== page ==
Academic journal article The Journal of Faculty Development

Not Dean School: Leadership Development for Faculty Where They Are

Academic journal article The Journal of Faculty Development

Not Dean School: Leadership Development for Faculty Where They Are

Article excerpt

Leadership development for faculty too often is designed as training for administration, but faculty demonstrate leadership in the classroom, in their departments, college-wide, and beyond. To fully realize and leverage this leadership potential, colleges must design opportunities for faculty to hone their knowledge and skills as active participants in furthering institutional priorities-to improve teaching and learning and institutional effectiveness. The Borough of Manhattan Community College (BMCC) designed and implemented its Faculty Leadership Fellows Program in 2016-2017 to strengthen faculty leadership from multiple perspectives, including pedagogy, mentoring, and high impact practices-not assuming preparation for administration, but engaging faculty in their current role(s). This essay will provide an overview of the Leadership Fellows Program, which is informed by research on educational leadership (Aspen Institute, 2013; Shugart, 2013; Kotter, 1995), faculty development (Aspen Institute, 2014; Cooper & Pagotto, 2003), and positive organizational scholarship (Cameron & Dutton, 2003; Cameron, 2012; Worline & Dutton, 2017) as well as leadership competencies developed by the AACC (2013) and perspectives on educational equity (Malcom-Piqueux & Bensimon, 2015).

This body of research informed our program design process, the definition of guiding principles, and a conceptual framework for BMCC's faculty leadership development. The following guiding principles shaped program curriculum, implementation, and evaluation:

1. Students can learn anything under the right conditions. Rather than viewing poor preparation and students' life circumstances as insurmountable barriers, we must be deeply engaged in examining our own practices and developing theories that create the conditions under which all students can learn.

2. We must share responsibility for the quality of pedagogy at our college. Teaching must be public, not remain behind closed doors, in order for learning outcomes to significantly improve. There is overwhelming evidence that we can design for improved student success. When colleges have a culture based on student success, faculty consistently invent ways to improve student outcomes and share their inventions with their colleagues.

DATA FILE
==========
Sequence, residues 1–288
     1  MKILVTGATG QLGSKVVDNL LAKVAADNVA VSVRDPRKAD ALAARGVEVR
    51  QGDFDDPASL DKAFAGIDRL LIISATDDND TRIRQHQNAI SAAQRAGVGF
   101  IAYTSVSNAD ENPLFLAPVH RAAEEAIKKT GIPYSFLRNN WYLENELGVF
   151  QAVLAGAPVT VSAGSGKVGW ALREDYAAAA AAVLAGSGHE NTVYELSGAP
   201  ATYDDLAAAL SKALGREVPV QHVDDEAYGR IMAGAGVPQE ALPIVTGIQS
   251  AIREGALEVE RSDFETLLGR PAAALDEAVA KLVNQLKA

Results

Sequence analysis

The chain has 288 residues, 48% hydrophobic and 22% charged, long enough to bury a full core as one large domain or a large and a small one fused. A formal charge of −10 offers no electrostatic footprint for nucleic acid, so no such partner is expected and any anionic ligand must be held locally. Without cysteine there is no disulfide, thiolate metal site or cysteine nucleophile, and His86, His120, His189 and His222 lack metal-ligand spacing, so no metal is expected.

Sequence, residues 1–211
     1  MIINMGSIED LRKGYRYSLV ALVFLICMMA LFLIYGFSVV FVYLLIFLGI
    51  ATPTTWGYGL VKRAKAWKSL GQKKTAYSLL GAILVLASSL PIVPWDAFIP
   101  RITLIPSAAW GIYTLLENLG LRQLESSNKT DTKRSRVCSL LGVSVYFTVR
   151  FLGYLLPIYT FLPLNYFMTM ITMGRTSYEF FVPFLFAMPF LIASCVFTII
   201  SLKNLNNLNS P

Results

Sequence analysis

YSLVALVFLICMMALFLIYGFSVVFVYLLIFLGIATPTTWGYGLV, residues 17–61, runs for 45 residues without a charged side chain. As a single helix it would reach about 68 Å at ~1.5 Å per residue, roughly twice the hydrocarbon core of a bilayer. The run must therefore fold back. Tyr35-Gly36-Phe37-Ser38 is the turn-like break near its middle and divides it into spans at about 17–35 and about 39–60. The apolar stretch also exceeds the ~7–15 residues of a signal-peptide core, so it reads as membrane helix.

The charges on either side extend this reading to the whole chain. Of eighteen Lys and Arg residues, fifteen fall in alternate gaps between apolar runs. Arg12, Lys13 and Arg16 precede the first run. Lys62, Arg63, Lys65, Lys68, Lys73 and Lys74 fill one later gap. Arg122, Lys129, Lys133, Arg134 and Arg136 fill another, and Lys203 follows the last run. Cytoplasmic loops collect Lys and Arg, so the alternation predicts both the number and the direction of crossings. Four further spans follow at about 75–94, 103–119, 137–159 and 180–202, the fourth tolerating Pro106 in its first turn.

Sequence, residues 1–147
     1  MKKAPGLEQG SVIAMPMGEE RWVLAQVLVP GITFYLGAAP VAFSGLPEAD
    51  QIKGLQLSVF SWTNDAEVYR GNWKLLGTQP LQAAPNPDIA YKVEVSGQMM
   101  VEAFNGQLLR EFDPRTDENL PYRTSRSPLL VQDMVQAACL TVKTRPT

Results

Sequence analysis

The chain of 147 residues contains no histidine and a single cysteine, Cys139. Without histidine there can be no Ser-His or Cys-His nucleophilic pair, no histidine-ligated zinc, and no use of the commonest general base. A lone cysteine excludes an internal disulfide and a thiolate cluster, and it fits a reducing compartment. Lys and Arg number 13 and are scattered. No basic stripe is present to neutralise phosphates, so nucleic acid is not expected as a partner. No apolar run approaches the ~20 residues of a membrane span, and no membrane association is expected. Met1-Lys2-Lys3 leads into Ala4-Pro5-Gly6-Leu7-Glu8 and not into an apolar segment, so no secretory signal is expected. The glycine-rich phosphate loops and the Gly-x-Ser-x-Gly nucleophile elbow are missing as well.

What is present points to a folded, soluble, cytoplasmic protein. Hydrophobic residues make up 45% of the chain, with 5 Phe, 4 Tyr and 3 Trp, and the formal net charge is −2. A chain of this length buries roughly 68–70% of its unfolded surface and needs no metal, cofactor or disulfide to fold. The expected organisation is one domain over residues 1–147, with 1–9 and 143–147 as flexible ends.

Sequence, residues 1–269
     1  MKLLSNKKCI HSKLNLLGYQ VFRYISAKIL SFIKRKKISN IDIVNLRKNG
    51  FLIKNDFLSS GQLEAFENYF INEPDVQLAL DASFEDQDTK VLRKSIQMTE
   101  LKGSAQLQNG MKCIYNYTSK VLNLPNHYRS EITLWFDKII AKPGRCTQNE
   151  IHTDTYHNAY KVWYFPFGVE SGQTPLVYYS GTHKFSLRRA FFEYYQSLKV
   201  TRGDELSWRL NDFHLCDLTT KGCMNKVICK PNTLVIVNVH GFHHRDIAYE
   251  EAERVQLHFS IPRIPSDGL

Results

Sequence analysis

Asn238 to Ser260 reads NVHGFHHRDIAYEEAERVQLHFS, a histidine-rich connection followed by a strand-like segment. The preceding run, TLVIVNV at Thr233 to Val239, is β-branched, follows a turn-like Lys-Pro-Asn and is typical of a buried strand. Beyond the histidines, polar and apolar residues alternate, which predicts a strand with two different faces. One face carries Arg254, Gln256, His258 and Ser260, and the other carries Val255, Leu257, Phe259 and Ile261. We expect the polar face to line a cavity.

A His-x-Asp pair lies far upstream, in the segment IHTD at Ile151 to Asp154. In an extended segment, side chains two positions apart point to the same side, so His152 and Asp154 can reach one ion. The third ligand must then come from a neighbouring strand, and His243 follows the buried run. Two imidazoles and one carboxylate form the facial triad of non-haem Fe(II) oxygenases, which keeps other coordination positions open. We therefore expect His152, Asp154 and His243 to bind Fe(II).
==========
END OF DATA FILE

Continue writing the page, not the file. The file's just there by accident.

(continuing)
3. Significantly improving student success requires strong, visible and pervasive pedagogical leadership, such that the most effective practices are recognized and scaled. Put more directly, faculty are the mechanism for scaling success, so it is critical to engage faculty in leadership development from where they are, not just from formal leadership roles.

4. Developing a leadership identity is an intentional process that weaves personal and professional narratives, both individual and collective, based on history and the fictive future. Storytelling is essential to the development of leadership identity.

5. Successful colleges collaboratively design for success, a process that begins with dialogue and a collective understanding about what student success looks like in the classroom and across the institution. There must be inquiry into what's working and what needs attention-all driving a faculty culture of student success. Designing faculty leadership programming must follow this same collaborative design principle.

6. Building open and productive relationships across departments and disciplines, among tenured and untenured faculty, and among faculty and administrators is vital to creating a collaborative culture designed for student success, one that practices and celebrates teaching excellence, the review of evidence, and ongoing experimentation. We need to be able to have different kinds of conversations.

The BMCC Faculty Leadership Fellows Program included a week-long seminar in January 2017 and five follow-up sessions throughout the spring semester on specific topics generated by the participants. Fellows were nominated either by their department chair or by a member of the President's Cabinet. …

Search by... Author
Show... All Results Primary Sources Peer-reviewed

Oops!

An unknown error has occurred. Please click the button below to reload the page. If the problem persists, please try again in a little while.